Suspended Uvalde PD lieutenant facing three write-in candidates in Uvalde County Commissioner race

Mariano Pargas, Jr. was the interim police chief during the May 24 shooting rampage at Robb Elementary

Incumbent Mariano Pargas, Jr. (left) is facing three write-in candidates looking to unseat him including Javier J. Cazares, father of Jacklyn “Jackie” Cazares, who was killed in the Robb Elementary shooting, retiree Diana Olvedo-Karau and business owner Julio Valdez (picture not available.) (KSAT)

UVALDE – Before the May 24th mass shooting at Robb Elementary in Uvalde, incumbent County Commissioner Mariano Pargas, Jr. was on his way to another term in office. He defeated his challenger in the March primary and had no opponent in November. That was before the shooting that left 19 students and two teachers dead, and a community shaken.

Now, the commissioner, who was also the interim Uvalde Police Department chief during the May 24 massacre, is facing three write-in candidates — Javier J. Cazares, Diana Olvedo-Karau and Julio Valdez. None have any prior political experience, but they all want to see changes in Uvalde.

In the days and weeks following the shootings, devastated families seeking answers and accountability, crowded into city council meetings, Uvalde CISD school board meetings and Commissioners Court meetings to confront local leaders directly. This led to the firing of Uvalde CISD police chief Pete Arredondo, and to him surrendering the seat he had just won on the City Council.

Nearly two months after the massacre, the City of Uvalde suspended Pargas following the release of a Texas House Investigative Committee’s report on the shooting.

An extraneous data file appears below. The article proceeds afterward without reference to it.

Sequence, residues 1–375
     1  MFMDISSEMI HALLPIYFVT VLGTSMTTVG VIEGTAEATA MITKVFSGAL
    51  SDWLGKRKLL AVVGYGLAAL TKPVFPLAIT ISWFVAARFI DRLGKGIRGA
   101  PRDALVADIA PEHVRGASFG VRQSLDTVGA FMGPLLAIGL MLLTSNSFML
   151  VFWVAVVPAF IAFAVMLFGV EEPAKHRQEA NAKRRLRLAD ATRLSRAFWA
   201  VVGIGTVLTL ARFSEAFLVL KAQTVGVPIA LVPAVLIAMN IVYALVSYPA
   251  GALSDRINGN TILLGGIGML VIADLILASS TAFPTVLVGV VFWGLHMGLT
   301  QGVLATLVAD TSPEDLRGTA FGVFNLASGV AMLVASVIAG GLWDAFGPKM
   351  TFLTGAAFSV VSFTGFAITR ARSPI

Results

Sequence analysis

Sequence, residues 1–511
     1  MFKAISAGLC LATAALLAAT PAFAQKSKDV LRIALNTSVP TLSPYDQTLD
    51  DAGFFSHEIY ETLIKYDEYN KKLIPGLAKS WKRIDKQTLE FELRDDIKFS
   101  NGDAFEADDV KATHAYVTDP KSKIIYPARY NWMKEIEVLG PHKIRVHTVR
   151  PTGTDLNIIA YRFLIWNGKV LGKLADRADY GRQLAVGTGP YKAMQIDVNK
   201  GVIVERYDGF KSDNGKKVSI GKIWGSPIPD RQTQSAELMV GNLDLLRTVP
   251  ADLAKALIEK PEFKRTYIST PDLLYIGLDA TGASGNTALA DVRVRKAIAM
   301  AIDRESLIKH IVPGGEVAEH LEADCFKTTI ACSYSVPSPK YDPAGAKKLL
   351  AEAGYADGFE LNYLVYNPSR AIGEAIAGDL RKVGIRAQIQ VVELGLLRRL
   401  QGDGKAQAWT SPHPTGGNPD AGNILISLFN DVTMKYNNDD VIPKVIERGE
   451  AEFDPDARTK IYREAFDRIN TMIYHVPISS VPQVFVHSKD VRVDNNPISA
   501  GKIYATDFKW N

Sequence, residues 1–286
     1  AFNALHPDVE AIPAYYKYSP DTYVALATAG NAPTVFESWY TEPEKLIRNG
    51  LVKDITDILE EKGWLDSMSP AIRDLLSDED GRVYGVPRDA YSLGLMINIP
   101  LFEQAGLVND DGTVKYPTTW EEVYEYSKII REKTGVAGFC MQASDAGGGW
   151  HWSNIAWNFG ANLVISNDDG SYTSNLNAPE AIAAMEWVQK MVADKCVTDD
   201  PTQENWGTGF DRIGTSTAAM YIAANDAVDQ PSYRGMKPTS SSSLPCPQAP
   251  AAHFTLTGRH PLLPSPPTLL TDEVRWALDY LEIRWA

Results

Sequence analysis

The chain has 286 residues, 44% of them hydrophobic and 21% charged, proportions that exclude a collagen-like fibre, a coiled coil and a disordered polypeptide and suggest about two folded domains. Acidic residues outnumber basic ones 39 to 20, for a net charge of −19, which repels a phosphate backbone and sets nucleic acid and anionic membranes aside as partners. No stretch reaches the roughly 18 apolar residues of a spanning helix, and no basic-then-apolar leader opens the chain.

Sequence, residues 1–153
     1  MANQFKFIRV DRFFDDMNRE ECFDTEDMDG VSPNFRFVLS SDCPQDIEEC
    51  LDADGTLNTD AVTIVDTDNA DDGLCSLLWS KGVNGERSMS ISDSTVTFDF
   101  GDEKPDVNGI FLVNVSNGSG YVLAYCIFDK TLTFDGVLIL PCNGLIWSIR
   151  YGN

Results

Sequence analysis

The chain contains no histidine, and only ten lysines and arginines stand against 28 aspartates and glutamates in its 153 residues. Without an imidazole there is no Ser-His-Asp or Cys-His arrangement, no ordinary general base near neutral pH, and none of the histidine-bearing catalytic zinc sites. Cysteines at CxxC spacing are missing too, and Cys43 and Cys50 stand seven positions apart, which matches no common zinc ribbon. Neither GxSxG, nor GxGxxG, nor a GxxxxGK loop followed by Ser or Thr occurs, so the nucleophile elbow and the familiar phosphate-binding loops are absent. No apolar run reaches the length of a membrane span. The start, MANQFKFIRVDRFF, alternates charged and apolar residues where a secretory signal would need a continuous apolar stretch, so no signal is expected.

But Pargas kept his seat on the Commissioners Court. He did not attend several meetings following the shooting, including the meeting where commissioners voted 3-0 to launch a review of the sheriff’s office’s response to the shooting at Robb Elementary. He has since been in attendance at Commissioners Court meetings.

Parents and activists were not just taking their grievances to local leaders, they went to Austin and Washington, DC to meet with lawmakers with less-than-desired results. Governor Greg Abbott did not call a special session to tighten gun laws. And Republican lawmakers shied away from discussing a ban on assault weapons or raising the age limit to buy assault from 18 to 21. Instead, elected leaders steered the conversation toward school safety and mental health.

But, for many of the families of the victims and students at Robb Elementary School, and others living in Uvalde, that was not enough. They had been politically activated by their fight for answers and change. And they set their sights on local elections to make a difference.

Mariano Pargas, Jr., an incumbent sailing to another term in office without an opponent, suddenly found himself with three write-in candidates looking to unseat him.

Cazares is the father of Jacklyn “Jackie” Cazares, who was killed in that shooting at Robb Elementary. He told the Texas Tribune in September that it is not in his nature to be a political activist but he told his daughter at the hospital that he would keep fighting. And that fight has led him to run for office.

Retiree Olvedo-Karau did not lose a child in that shooting but does have nieces and nephews that went to Robb Elementary.

Valdez, a business owner, is not talking much about the election or his part in it but has said he wants to see changes in his community.

All three are novices but did get their applications and their filing or required signatures in by the August 22nd deadline. Their names will be on the list of declared write-in candidates that will be posted in every voting booth in Uvalde County for early voting and on election day.

Commissioner Vargas has had the seat for more than 15 years. And he has run for other offices in Uvalde County before including sheriff and justice of the peace. In the March primary, he received 289 votes.

Normally, write-in candidates do not stand much of a chance in elections, especially against a long-time incumbent. But things are no longer normal in Uvalde County. The political climate and the status quo since May 24 have changed drastically.

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